Judge orders mediation in Milwaukee archdiocese bankruptcy case to control legal bills

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MILWAUKEE — A federal judge ordered mediation Wednesday in the Archdiocese of Milwaukee's bankruptcy case, saying she believed it was the best bet for resolving the hard-fought case and keeping more money from going to lawyers rather than sexual abuse victims.

The archdiocese filed for bankruptcy in January 2011, saying it would not have the money to pay if it lost lawsuits filed on behalf of victims of clergy sexual abuse. More than 500 abuse victims have since filed claims in bankruptcy court.

A reorganization plan proposed by the archdiocese earlier this year would give 128 victims roughly half of an $8 million insurance settlement. Others who have filed claims would receive nothing. Meanwhile, attorneys' fees are now estimated at $13.7 million, and victims have been outraged by the idea that attorneys would receive more money than them.

Bankruptcy Judge Susan Kelley said during a morning hearing that she would likely issue a written order later in the day for mediation to take place in early September.

"The point of this is to try to negotiate a resolution quickly and stop the legal fees," she said.

A mediation attempt in 2012 failed, in part because the archdiocese maintained there were too many issues to hash out. A sticking point this time could be whether the archdiocese's former insurers participate.

But discussions will likely focus on a $55 million cemetery trust fund created by New York Cardinal Timothy Dolan when he was the Milwaukee archbishop. Victims have hoped to tap into the fund for compensation, but the archdiocese says the money was given for cemetery maintenance and can only be used for that purpose.

A district judge's decision making the trust fund off-limits in the bankruptcy case has been appealed to the 7th U.S. Circuit Court of Appeals in Chicago, which heard arguments in June. It's not clear when the appeals court might rule.

The archdiocese's reorganization plan included a proposal to borrow $2 million from the cemetery trust fund to help cover its unpaid legal bills. Bankruptcy rules require the archdiocese to pay legal fees for itself and its creditors. In this case, most creditors are victims of clergy sexual abuse, but the archdiocese also has a mortgage on its headquarters and owes money to pension and health care plans.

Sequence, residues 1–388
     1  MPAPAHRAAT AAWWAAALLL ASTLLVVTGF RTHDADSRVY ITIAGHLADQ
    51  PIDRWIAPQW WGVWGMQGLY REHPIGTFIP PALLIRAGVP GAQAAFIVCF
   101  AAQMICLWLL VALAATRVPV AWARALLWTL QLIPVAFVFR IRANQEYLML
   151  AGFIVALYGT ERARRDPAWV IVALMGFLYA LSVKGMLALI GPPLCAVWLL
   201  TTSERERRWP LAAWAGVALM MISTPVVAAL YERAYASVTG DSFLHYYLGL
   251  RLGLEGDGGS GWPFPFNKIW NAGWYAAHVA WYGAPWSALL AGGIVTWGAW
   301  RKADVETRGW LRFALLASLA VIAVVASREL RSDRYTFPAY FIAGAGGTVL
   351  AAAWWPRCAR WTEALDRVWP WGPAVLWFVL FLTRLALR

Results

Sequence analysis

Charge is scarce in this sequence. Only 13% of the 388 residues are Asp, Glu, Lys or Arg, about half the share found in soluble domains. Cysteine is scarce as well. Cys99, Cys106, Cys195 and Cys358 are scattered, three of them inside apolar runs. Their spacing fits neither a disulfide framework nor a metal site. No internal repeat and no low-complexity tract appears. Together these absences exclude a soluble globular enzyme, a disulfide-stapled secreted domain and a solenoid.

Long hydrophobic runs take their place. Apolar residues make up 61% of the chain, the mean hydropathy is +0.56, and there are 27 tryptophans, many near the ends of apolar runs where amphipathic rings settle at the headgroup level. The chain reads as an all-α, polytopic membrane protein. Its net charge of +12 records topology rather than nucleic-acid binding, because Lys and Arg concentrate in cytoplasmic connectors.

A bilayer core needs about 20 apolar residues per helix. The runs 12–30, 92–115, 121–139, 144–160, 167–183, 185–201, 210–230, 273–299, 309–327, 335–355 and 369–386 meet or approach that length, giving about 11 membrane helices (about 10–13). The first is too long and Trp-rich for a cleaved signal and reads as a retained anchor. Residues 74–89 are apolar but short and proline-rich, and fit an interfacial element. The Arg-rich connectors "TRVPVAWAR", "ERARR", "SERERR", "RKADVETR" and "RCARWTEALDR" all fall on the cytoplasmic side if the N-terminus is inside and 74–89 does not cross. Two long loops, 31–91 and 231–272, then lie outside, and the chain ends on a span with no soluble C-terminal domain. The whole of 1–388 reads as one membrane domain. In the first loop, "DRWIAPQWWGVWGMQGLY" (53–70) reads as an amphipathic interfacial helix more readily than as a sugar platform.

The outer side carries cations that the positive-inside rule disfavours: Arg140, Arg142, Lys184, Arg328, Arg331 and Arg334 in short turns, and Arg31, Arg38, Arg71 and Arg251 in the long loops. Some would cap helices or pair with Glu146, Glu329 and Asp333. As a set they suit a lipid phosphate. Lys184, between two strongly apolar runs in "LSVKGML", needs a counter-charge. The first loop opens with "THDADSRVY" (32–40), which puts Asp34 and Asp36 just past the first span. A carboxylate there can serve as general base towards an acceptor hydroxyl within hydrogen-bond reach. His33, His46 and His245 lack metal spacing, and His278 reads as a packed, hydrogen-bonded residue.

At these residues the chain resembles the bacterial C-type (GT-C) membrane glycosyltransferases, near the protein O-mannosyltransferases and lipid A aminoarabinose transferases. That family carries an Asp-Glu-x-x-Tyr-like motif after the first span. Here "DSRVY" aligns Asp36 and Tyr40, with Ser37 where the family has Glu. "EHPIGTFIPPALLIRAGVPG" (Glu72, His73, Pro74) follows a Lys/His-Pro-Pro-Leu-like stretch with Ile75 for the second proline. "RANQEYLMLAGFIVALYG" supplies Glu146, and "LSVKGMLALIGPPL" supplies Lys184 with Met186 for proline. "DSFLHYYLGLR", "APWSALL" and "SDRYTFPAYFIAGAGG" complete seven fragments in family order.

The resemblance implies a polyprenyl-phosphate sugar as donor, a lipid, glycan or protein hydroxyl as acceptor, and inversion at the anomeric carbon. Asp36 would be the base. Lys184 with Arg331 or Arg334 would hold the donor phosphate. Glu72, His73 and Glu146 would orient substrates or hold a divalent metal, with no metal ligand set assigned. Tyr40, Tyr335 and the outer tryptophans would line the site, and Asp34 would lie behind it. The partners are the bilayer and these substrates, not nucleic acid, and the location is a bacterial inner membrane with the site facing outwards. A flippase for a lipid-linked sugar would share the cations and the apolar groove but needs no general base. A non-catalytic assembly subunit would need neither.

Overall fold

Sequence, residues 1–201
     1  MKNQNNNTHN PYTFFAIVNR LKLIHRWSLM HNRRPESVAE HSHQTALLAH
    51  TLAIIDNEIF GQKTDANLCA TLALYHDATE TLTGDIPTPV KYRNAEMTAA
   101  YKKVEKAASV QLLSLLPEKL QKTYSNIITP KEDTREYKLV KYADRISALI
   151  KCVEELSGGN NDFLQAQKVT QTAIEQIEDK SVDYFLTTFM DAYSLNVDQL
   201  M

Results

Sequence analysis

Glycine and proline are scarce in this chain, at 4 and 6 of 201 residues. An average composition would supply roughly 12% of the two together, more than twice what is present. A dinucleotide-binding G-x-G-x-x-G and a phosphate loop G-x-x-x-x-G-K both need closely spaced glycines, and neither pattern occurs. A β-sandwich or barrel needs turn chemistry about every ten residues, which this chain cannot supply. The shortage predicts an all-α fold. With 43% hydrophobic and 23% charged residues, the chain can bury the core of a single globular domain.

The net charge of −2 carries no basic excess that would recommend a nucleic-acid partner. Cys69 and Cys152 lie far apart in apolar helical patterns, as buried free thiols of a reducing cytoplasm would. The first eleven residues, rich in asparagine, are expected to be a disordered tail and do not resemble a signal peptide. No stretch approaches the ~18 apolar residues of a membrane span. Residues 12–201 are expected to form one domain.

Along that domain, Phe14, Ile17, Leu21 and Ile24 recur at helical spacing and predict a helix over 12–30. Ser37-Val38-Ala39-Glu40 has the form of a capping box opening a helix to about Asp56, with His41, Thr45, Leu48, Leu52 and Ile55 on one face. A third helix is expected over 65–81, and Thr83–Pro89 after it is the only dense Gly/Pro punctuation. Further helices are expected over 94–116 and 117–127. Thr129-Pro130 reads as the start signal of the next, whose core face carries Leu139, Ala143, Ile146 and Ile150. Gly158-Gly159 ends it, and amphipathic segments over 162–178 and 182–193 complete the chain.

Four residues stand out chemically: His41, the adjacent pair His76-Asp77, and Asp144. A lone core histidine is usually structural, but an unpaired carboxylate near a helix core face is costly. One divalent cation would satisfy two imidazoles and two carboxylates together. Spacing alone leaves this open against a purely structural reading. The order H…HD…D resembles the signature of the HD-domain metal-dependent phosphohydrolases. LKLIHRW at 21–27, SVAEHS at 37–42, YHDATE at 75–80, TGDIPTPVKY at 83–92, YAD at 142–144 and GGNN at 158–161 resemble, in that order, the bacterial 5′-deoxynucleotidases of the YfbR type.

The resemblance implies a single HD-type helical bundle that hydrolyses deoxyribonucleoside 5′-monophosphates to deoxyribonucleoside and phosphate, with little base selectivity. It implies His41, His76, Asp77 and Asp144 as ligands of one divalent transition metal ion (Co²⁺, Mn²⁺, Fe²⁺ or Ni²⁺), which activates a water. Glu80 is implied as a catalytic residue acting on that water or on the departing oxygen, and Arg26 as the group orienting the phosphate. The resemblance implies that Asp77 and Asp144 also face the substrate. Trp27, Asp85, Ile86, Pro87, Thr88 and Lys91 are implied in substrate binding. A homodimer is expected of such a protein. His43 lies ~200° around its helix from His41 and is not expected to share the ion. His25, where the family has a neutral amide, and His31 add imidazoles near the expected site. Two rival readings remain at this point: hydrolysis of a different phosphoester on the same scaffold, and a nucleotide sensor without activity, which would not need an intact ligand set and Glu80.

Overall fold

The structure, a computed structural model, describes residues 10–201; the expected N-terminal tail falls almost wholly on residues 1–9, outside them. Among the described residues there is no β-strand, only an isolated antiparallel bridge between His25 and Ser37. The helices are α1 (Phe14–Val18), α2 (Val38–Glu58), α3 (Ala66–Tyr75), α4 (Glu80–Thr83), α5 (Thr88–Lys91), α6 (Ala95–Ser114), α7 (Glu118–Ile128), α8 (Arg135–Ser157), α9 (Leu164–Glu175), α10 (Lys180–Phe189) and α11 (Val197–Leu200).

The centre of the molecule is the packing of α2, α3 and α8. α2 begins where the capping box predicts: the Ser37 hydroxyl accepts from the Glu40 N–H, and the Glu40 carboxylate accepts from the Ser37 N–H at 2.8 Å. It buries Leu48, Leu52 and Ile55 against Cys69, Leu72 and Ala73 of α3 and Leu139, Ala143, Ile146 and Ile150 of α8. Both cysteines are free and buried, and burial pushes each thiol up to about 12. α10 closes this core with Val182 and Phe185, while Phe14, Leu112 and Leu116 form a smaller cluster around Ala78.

Kelley halted payments to attorneys last year when the archdiocese expressed concern about having enough cash on hand to cover monthly expenses that typically total $1.5 million to $2 million. Nearly $6 million of the estimated $13.7 million in legal fees in the case remain unpaid.

Kelley agreed Wednesday to divide about $1.4 million among attorneys for both sides. The creditors' attorneys had asked for payment, saying the archdiocese's bank accounts have regularly had bigger balances than it anticipated in January 2013.

Archdiocese spokesman Jerry Topczewski said the extra cash reflected slightly better-than-expected income and a small cut in costs. He expressed satisfaction Wednesday with the mediation order, referring to a comment he made Tuesday when the archdiocese requested mediation.

"This seems to be the most sensible, practical and economical way to reach a resolution in the now nearly 4-year-old proceeding," he said then in an email.

Monica Barrett, an abuse survivor who now speaks for others, said success in mediation will depend how the archdiocese approaches it.

"If Archbishop (Jerome) Listecki comes to the table with a realistic and compromising mentality, indeed this might be able to get resolved," Barrett said. "... However if Archbishop Listecki continues to use this bankruptcy action as a hammer to use against survivors, nothing will get resolved. Up until this point, the only people who have been asked to compromise anything have been the victim-survivors."

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